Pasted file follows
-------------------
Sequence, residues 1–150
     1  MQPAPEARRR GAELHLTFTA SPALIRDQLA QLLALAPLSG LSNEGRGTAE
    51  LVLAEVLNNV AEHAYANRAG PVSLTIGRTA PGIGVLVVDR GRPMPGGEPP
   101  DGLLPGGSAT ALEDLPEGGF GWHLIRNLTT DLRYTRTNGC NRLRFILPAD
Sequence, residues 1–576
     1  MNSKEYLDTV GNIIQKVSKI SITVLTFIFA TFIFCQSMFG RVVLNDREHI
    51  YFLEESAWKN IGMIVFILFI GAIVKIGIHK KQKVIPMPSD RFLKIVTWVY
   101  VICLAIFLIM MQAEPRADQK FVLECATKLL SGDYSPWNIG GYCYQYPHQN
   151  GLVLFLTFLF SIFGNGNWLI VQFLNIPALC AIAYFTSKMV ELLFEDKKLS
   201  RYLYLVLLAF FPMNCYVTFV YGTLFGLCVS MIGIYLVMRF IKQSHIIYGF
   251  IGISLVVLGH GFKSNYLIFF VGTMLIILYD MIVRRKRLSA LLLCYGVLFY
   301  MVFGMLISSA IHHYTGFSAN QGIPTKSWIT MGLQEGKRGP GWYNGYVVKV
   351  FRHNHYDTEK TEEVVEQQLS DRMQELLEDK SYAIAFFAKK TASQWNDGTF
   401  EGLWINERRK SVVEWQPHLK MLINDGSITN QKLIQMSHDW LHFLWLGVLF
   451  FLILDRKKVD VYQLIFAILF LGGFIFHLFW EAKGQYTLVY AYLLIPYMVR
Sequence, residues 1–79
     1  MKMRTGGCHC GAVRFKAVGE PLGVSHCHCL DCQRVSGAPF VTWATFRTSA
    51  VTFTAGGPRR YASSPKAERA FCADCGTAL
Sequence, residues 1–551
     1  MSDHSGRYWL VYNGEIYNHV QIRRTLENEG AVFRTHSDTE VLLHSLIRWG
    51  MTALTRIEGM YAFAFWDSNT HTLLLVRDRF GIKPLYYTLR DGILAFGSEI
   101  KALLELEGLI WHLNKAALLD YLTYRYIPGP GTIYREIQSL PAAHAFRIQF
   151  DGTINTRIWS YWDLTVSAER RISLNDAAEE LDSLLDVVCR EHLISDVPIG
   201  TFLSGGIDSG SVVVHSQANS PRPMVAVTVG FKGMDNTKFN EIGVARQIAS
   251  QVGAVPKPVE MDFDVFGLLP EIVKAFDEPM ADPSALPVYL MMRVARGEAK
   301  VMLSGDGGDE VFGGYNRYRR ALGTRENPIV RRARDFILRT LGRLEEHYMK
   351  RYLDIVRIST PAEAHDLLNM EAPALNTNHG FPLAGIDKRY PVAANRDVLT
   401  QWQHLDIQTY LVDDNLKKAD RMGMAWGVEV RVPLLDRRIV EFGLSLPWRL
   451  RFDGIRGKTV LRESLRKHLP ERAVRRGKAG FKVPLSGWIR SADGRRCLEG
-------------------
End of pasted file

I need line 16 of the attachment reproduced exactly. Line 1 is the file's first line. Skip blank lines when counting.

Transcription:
Sequence, residues 1–79